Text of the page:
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Going To Mars And Back Would Expose Astronauts To Dangerous Radiation

New NASA data acquired during Curiosity's trip to the Red Planet suggests humans sent to Mars may face grave difficulties with radiation exposure.

Interested in going to Mars? You may want to think again. A measuring tool on the Curiosity rover revealed that traveling through deep space for an extended period of time would expose astronauts to massive amounts of radiation.

The Curiosity spacecraft made a great test vehicle, as it is similar to that which would be used by astronauts making the same journey. NASA says the radiation dose astronauts would be exposed to is roughly equivalent to getting a full-body CT scan every five days. But it's almost unavoidable, as protecting astronauts would require a heavy-duty radiation shield, which is "almost certainly impractical—it would be too heavy and therefore costly," Geraint Jones, a space scientist at University College London, tells the Guardian.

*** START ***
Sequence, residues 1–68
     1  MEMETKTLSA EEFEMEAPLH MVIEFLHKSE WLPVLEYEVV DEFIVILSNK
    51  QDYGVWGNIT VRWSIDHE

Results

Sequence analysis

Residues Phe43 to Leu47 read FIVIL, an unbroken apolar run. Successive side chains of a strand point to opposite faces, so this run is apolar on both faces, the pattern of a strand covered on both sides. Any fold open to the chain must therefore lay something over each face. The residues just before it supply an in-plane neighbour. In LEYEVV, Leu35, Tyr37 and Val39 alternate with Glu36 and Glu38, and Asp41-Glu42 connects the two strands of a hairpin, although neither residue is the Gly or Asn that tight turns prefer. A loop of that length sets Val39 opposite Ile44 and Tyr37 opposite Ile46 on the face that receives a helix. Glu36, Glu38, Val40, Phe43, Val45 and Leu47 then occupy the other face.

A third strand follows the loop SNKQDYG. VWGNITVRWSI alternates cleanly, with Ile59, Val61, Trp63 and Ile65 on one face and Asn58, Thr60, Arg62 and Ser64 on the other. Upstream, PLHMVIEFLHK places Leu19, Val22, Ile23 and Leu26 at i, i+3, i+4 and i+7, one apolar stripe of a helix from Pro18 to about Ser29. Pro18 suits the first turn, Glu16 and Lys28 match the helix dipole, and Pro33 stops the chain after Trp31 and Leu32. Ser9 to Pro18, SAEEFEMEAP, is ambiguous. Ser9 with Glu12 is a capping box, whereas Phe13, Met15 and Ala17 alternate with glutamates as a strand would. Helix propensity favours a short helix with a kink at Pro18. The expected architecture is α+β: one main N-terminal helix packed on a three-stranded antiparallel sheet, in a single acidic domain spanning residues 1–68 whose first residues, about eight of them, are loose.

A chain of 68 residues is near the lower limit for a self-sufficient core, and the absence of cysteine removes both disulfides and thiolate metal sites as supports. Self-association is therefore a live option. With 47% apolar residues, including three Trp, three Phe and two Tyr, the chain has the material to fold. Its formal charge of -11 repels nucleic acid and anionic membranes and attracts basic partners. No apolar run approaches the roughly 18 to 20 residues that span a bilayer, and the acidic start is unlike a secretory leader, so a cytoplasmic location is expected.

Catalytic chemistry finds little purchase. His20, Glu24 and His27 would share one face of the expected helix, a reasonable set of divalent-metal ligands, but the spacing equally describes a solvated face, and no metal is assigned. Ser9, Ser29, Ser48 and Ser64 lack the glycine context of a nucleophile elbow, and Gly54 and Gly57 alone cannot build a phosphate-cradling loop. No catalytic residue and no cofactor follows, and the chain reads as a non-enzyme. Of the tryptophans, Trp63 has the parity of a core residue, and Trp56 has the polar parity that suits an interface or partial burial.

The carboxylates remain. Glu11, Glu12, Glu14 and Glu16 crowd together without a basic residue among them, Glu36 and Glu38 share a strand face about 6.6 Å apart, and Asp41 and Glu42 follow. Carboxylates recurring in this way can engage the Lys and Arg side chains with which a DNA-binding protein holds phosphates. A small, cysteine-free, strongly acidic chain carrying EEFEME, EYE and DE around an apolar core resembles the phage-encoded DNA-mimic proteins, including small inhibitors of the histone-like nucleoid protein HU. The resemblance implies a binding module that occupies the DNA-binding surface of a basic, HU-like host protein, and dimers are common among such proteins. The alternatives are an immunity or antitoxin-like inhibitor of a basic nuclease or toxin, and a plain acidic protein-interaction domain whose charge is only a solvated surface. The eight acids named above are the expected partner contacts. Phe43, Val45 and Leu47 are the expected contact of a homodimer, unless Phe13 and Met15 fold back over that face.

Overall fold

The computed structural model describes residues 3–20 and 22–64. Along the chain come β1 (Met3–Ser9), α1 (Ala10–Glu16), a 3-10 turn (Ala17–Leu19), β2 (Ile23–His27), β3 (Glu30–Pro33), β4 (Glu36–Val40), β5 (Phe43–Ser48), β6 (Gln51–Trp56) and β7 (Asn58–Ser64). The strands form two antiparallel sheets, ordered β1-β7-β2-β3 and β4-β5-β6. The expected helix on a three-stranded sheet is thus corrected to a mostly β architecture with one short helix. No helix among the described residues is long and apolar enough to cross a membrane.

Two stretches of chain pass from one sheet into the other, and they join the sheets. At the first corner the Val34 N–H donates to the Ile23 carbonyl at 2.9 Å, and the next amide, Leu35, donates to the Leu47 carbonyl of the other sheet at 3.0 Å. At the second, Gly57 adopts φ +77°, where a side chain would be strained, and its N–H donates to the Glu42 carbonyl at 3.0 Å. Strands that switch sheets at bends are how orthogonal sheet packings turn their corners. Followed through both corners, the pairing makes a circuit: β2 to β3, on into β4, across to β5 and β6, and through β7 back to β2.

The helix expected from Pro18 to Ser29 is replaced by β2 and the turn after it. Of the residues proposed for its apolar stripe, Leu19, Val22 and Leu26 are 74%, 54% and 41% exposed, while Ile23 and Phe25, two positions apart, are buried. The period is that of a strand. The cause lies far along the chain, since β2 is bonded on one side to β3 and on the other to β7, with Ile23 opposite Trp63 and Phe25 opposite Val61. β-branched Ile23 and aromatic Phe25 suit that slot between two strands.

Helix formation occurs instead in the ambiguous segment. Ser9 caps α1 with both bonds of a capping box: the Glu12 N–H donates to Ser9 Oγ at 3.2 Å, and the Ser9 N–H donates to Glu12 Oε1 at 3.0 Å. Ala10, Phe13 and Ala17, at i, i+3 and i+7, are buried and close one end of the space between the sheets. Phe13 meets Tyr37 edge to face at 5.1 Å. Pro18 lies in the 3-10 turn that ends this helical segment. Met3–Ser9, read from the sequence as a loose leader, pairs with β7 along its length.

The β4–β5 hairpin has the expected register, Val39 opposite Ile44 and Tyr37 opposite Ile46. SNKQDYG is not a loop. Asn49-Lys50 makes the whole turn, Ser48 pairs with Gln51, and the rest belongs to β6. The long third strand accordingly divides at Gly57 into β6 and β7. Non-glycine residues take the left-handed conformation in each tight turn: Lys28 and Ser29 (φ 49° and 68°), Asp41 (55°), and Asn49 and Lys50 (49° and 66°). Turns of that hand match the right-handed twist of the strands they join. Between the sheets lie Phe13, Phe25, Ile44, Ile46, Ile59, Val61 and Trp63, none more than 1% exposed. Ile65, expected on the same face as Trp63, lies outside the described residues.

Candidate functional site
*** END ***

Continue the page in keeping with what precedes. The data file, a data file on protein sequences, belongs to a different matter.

So what's the solution? We have to find a way to improve propulsion technology, allowing us to fly to Mars much faster. NASA is busy developing next-gen rockets for exactly this sort of mission. There's also an independent mission being planned that would avoid some of the radiation issues, but that's because it's a one-way trip.

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